Judd Gregg, Former Republican Senator from New Hampshire: “Defaulting on the nation’s obligations, which is the alternative to not increasing the debt ceiling, is not an option either substantively or politically. A default would lead to some level of chaos in the debt markets, which would lead to a significant contraction in economic activity, which would lead to job losses, which would lead to higher spending by the federal government and lower tax revenues, which would lead to more debt.   It understates things to say merely this is not a smart position to put forward. It is a terrible policy that would produce immense economic disruption and very difficult times for people on Main Street.”

U.S. Chamber of Commerce:  “The U.S. Chamber respectfully urges the House of Representatives to raise the debt ceiling in a timely manner and thus eliminate any question of threat to the full faith and credit of the United States government.” [letter to Congress, 9/18/13]

Ben Bernanke, Chairman Federal Reserve Bank: “A government shutdown, and perhaps even more so a failure to raise the debt limit, could have very serious consequences for the financial markets and for the economy.”

Mark Zandi, Chief Economist at Moody’s Analytics: “It will be devastating to the economy… Consumer confidence will sharply decline, investor confidence, business confidence. Businesses will stop hiring, consumers will stop spending, the stock market will fall significantly in value, borrowing costs for businesses and households will rise.”

Bloomberg Editorial Board: “A default could trigger a global crash.”

Steve Bell, Senior Director for Economic Policy at the Bipartisan Policy Center: “I don’t know any serious person who doesn’t think this will be cataclysmic.”

Washington Post: “[A] debt-ceiling breach would push the economy into a free fall…The Obama administration will have to decide whether to delay — or possibly suspend — tens of billions of dollars in Social Security checks, food stamps and unemployment benefits if negotiations to raise the federal debt ceiling are not resolved this week, experts say, one of the many difficult choices officials will have to make at a time when the government will essentially be running on fumes.”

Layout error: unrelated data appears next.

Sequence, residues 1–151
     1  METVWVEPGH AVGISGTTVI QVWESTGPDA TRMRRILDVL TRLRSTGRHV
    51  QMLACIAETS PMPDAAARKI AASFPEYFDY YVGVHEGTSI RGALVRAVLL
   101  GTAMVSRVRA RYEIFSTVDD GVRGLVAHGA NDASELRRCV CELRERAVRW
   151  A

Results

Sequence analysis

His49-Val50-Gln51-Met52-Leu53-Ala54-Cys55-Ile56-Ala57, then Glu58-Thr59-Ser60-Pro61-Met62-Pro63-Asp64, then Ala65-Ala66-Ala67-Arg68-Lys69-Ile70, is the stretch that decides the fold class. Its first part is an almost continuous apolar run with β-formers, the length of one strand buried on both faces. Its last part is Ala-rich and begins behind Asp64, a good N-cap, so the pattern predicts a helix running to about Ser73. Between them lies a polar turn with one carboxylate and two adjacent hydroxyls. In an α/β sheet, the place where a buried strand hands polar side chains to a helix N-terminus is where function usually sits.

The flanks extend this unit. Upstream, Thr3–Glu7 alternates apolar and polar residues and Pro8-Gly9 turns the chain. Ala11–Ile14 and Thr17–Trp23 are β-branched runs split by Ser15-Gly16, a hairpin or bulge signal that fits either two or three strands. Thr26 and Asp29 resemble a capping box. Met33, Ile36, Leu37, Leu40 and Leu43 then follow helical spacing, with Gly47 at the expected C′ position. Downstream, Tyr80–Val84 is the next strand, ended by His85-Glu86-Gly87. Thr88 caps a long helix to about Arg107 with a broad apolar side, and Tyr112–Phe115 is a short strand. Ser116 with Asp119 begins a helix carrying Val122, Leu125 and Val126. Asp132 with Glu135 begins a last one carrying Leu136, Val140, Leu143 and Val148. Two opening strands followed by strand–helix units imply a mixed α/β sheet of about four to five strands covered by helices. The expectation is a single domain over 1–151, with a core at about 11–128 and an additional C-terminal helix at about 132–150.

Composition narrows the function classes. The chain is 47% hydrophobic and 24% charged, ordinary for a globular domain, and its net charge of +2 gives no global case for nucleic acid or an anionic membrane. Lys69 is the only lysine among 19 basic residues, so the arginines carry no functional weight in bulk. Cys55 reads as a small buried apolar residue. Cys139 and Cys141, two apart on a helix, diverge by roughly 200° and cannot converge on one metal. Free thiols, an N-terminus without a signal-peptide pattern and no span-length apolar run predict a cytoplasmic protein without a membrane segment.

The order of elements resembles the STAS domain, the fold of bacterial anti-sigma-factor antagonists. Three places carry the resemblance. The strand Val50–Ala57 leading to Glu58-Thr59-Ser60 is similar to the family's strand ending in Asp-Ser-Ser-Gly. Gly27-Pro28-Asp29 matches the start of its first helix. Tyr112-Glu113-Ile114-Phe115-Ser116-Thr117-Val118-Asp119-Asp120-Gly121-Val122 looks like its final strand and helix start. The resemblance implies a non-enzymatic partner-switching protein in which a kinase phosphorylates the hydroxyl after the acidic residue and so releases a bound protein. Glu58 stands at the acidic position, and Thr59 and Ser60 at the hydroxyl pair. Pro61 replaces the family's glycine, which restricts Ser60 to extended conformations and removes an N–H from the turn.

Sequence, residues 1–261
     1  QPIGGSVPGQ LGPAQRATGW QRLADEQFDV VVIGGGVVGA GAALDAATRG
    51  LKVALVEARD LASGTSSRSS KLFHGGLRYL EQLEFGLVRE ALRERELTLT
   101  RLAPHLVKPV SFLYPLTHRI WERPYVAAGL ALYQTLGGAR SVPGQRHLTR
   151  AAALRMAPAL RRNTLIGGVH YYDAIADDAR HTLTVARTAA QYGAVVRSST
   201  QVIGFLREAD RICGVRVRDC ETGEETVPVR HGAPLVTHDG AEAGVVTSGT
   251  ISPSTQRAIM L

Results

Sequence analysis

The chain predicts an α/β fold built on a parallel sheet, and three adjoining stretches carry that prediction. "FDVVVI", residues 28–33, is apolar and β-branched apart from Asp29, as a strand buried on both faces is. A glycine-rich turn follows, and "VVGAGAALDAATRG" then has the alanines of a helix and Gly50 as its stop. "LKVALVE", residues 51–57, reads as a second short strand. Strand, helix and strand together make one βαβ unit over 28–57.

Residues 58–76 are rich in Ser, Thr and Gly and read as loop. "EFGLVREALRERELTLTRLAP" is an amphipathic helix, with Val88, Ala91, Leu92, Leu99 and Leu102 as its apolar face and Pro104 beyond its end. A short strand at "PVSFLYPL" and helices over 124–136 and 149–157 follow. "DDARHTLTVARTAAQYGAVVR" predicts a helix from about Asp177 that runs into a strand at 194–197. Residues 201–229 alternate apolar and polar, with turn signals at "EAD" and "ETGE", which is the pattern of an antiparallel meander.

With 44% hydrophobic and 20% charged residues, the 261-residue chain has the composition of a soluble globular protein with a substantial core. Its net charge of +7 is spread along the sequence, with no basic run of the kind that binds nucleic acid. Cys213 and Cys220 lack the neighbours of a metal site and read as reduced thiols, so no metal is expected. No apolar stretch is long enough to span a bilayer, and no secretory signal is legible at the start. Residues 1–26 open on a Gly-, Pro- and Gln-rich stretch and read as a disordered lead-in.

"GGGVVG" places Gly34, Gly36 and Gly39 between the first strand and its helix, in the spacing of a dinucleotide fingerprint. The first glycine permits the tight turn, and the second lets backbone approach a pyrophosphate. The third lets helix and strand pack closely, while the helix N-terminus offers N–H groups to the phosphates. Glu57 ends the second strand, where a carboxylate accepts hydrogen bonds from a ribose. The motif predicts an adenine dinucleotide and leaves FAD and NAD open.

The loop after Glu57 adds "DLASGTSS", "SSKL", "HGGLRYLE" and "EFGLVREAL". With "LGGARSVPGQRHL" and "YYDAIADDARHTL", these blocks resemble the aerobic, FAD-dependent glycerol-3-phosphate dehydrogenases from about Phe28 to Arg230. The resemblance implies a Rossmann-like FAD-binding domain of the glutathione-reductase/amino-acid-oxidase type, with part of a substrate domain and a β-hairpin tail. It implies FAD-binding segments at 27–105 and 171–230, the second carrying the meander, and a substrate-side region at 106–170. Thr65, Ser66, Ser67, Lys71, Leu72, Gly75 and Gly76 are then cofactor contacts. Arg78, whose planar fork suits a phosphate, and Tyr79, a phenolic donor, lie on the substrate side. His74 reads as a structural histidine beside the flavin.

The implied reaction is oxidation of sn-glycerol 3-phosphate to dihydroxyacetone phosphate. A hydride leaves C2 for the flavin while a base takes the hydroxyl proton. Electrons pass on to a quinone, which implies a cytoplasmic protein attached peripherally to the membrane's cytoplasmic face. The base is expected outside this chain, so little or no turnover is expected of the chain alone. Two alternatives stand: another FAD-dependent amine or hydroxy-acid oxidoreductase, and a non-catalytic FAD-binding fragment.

New York Times Editorial Board: “The Republican-induced government shutdown and the party’s threats to create another crisis next week over the debt ceiling are causing harm internationally as well as at home. They are undermining American leadership in Asia, impeding the functioning of the national security machinery, upsetting global markets and raising questions about the political dysfunction of a country that has long been the world’s democratic standard-bearer.”


NH Congresswomen Weigh In On The So-Called “Full Faith and Credit Act”

Carol Shea-Porter_Official.2010-300x288WASHINGTON, D.C. – Today, the House of Representatives voted on H.R. 807, a bill that would ensure Chinese bondholders are paid before American soldiers in the case of a government default.

After the vote, Congresswoman Carol Shea-Porter issued the following statement:

“I strongly oppose this deeply irresponsible legislation. Middle class families can’t pick and choose which bills to pay, and neither should Congress. 

“H.R. 807 guarantees that if Republicans push our nation into default, bondholders from China and the Cayman Islands would be paid before America’s veterans, Medicare providers, and small businesses. 

“Instead of playing chicken with our nation’s credit rating, Congress should act responsibly and pay the bills that it has incurred.  I, once again, call on Speaker Boehner to appoint budget conferees so Congress can compromise on a sensible budget that ends sequestration, helps create jobs, and responsibly reduces the deficit.”

Congresswoman Annie Kuster also released a statement after her vote:

Ann kuster head shot LG“This bill is nothing more than a plan to default on our nation’s obligations, plain and simple,” Kuster said. “It sets the stage for yet another manufactured crisis that would prioritize payments to China and other foreign creditors over our obligations to seniors on Medicare, veterans, and the men and women of our Armed Forces.”

“Rather than simply bracing for default, both parties need to work together to reduce the deficit in a balanced way that will help create jobs, grow the economy, and strengthen the middle class,” Kuster added. “As we do, Congress must reassure creditors and the American people that our government will continue to meet its obligations and avoid a catastrophic default. Any suggestion that we would even consider doing otherwise would be irresponsible, undermine confidence in our government, and put our credit rating at risk.”